The irony here is that Webster, McElwain, Finley, McKim and Nancy Cabot [whole real name was Loretta Leitner] each made a living doing many of those activities:

  • Writing about needlework
  • Lecturing about quilt history
  • Marking fabric and tops
  • Selling patterns
  • Making up kits of fabric
  • Basting tops
  • And selling finished quilts
Every one of those authors painted a false picture of the past by ignoring the economic and commercial aspects of women's needlework at which she herself was succeeding admirably.

Plus: I wanna know: Did city dwellers ever make quilts?

Dutch housewives making log cabin quilts in log cabins on the western frontier... wholesome history from Mary McElwain's aptly named Romance of the Village Quilts

See the whole booklet with all it's paradoxes here at the Quilt Index:

So sign up for email notices when I post here. Or check back every week or two to see a new rant.


  1. Thanks for starting a new blog, Barbara; I love all your posts about this subject and now there will be a blog devoted to it! Our understanding of history is so often skewed by myth and supposition. Exploring that topic as it relates to quilts and the women who made them is VERY interesting to me. Ramble on! (apologies to Led Zeppelin) Thanks from Ginny in Harrisburg, PA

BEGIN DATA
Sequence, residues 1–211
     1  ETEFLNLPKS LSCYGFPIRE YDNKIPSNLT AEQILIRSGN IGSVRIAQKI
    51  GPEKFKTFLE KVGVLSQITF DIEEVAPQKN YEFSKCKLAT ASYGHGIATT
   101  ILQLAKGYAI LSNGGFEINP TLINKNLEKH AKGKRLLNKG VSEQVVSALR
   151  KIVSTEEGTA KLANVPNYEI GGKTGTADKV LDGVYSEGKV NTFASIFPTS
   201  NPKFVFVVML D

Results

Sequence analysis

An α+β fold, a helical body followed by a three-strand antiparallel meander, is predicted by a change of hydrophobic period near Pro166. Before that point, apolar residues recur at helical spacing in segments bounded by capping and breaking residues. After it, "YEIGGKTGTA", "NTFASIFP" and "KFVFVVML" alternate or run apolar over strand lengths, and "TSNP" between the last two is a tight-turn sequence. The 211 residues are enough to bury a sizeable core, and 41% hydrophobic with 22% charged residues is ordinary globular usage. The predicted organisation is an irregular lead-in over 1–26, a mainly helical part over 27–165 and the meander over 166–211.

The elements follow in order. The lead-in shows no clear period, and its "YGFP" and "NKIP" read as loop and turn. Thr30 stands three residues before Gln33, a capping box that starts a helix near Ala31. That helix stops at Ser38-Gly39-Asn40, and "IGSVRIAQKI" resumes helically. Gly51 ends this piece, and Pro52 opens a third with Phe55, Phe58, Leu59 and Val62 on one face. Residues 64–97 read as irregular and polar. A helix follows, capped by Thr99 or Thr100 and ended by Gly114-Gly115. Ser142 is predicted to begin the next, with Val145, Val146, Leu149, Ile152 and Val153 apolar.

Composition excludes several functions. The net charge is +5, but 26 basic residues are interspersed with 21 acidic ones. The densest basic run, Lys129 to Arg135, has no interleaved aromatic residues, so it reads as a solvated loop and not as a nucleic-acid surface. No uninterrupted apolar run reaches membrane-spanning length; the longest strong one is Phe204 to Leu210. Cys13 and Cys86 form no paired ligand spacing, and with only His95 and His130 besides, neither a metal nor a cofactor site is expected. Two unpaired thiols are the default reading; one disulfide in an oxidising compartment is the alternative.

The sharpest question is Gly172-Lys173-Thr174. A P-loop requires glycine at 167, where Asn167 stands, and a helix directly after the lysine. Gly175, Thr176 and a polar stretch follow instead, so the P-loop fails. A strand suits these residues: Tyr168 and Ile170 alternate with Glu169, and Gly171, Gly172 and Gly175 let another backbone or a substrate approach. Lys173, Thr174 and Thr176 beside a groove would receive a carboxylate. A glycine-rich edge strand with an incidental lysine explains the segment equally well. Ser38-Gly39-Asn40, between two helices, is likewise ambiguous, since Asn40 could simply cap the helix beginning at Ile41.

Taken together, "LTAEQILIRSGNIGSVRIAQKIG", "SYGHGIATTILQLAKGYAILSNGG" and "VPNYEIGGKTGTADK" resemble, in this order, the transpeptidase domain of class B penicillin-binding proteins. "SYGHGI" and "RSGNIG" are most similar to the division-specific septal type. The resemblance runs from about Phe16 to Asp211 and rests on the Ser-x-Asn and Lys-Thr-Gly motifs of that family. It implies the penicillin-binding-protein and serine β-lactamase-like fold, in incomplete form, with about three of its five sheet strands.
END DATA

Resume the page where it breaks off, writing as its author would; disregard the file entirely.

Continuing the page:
2. I look forward to seeing what myths you attempt to kick to the curb. I say attempt only due to the Underground Railroad quilts myth still being very much alive and still being spread around. I'm definitely not casting shade on your ability to find the facts to disprove it.

  3. Looking forward to more blog entries!It's bound to be interesting!

  4. I always figured pioneer women were scrambling just to keep their family fed (gardening) and clothed and covered at night. Can't wait for your ramblings.